Conservatives stirred up outrage this summer over the “Obama phone,” which they claimed was a free cell phone handed out by President Obama to low-income people in exchange for their votes. In fact, the Lifeline phone program was first conceived in 1985 by President Ronald Reagan as a way to help Americans below the poverty line connect to jobs, family and emergency services. Nor are the phones free; Lifeline provides low-income Americans with a monthly subsidy of $9.25 for cell phones or land lines.
Nevertheless, one Republican congressman, Rep. Tim Griffin (R-AR) is taking advantage of the renewed political firestorm to push stalled legislation that would gut the program. Griffin wants to take away the prepaid cell phones that were introduced to the Lifeline plan in 2005 under George W. Bush. In a video promoting his bill, Griffin points to the Universal Service charges on phone bills as evidence of the “wasteful program.”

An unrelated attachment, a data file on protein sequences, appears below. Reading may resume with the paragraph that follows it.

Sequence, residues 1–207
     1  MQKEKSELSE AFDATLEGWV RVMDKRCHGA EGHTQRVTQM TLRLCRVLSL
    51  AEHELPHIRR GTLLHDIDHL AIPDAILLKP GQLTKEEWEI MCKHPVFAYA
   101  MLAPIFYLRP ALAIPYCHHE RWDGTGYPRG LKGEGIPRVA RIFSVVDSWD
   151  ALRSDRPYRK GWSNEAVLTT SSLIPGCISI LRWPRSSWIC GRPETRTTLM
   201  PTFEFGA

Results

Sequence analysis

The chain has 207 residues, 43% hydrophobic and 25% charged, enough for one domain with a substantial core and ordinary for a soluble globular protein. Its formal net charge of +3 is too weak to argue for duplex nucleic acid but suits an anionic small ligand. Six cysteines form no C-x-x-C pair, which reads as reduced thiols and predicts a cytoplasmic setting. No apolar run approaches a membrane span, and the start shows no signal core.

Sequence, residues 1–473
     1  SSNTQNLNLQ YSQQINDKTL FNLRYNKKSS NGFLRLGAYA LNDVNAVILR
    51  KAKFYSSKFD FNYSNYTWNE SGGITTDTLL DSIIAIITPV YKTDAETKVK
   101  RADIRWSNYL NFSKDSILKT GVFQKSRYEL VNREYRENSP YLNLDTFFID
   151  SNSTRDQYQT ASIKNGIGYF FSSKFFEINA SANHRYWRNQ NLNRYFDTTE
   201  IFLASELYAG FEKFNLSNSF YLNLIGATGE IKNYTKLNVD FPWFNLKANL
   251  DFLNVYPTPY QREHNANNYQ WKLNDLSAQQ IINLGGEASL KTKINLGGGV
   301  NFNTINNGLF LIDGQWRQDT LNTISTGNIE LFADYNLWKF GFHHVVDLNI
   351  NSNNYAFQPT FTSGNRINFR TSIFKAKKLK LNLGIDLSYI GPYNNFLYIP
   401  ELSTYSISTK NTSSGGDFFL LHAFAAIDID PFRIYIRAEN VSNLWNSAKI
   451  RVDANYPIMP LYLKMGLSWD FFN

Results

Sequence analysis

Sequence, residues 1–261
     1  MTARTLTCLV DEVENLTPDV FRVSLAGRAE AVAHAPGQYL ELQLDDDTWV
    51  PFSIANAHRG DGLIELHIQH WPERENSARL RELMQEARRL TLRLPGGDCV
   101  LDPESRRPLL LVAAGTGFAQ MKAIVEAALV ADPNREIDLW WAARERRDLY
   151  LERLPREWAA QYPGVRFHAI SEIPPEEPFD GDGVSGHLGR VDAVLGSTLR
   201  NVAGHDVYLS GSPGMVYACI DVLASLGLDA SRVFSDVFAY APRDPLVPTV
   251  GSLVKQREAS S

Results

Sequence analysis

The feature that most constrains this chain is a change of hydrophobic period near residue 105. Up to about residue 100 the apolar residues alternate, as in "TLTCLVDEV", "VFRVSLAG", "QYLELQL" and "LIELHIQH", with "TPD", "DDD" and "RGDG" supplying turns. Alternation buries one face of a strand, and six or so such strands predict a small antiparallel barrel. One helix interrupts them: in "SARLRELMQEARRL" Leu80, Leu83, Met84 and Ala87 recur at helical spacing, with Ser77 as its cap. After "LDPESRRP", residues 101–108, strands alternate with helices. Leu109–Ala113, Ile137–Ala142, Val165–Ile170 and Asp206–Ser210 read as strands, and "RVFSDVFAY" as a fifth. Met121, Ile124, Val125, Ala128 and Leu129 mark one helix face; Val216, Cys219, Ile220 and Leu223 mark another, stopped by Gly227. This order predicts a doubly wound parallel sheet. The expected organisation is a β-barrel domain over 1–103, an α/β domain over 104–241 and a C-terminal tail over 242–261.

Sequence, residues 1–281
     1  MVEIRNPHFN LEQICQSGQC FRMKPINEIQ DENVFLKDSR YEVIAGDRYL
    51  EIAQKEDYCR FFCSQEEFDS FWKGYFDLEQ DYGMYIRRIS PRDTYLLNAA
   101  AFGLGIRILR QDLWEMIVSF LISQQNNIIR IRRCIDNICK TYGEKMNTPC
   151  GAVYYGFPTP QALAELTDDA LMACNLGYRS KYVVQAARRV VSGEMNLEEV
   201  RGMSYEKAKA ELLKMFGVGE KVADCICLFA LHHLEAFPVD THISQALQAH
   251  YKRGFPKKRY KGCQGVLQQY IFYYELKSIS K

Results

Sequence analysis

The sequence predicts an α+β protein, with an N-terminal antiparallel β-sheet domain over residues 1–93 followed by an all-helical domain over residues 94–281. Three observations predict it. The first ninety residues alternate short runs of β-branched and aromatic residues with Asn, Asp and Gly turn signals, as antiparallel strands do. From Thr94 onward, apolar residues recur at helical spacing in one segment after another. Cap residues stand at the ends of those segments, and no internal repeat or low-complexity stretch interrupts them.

Though Griffin is trying to convince consumers they are paying for a “cell phone giveaway” for poor people, the Lifeline program is actually only one part of this fee. The Universal Service fee also covers the cost of providing “reasonable rates for those living in rural and high-cost areas, income-eligible consumers, rural health care facilities, and schools and libraries.” The companies with a Universal Service charge have chosen to pass on the cost to the consumer. The fee is usually around $2.50 to $2.75 a month per family. In 2011, Universal Services programs cost $8.1 billion, with $1.75 billion going to the Lifeline phone program for 13.7 million households.
Griffin’s proposal to restrict the program to landlines is also impractical, as people living in poverty are very unlikely to own a permanent residence they could install a landline. A CDC survey in 2010 found that adults living in poverty are far more likely to depend on a cell phone than higher income people who also have a landline.
Moreover, Griffin’s bill ignores cost-saving reforms that the FCC already began implementing at the beginning of 2012. The Lifeline program now has databases that prevent multiple subsidized phones per person and more efficiently tracks people who are eligible for the phones. There is also a new rule that restricts phones to one per household. These reforms are projected to save $2 billion in 3 years.